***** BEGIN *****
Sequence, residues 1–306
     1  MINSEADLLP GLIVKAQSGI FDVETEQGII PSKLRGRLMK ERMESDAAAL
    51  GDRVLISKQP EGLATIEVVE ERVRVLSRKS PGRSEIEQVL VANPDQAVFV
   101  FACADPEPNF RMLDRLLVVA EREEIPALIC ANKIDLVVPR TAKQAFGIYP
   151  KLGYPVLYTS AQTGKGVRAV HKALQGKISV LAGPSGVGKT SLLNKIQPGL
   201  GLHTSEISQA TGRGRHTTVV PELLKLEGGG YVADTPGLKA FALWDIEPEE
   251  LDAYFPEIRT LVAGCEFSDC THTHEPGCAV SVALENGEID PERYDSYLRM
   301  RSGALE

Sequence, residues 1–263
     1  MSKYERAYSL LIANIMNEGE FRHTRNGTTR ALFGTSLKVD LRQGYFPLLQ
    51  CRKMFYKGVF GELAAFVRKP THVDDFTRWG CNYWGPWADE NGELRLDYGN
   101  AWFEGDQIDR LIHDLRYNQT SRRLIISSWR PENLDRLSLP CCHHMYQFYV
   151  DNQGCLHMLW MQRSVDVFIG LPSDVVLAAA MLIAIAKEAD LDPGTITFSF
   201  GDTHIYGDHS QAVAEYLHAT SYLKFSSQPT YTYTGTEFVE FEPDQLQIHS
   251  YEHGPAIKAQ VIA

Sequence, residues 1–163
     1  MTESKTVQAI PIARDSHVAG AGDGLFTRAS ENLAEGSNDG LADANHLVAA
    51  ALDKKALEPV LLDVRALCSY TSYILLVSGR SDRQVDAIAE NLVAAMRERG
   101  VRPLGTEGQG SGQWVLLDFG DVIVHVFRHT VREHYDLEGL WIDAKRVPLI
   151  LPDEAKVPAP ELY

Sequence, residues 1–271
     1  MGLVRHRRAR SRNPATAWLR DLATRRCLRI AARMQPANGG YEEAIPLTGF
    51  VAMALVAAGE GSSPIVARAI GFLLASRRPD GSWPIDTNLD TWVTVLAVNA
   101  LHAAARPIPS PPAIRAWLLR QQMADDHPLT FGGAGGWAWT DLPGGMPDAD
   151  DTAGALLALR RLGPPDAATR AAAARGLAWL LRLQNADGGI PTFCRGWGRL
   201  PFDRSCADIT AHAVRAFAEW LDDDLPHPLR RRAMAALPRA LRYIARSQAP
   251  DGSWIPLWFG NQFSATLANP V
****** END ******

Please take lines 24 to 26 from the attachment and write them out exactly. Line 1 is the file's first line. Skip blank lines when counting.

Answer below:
   101  LHAAARPIPS PPAIRAWLLR QQMADDHPLT FGGAGGWAWT DLPGGMPDAD
   151  DTAGALLALR RLGPPDAATR AAAARGLAWL LRLQNADGGI PTFCRGWGRL
   201  PFDRSCADIT AHAVRAFAEW LDDDLPHPLR RRAMAALPRA LRYIARSQAP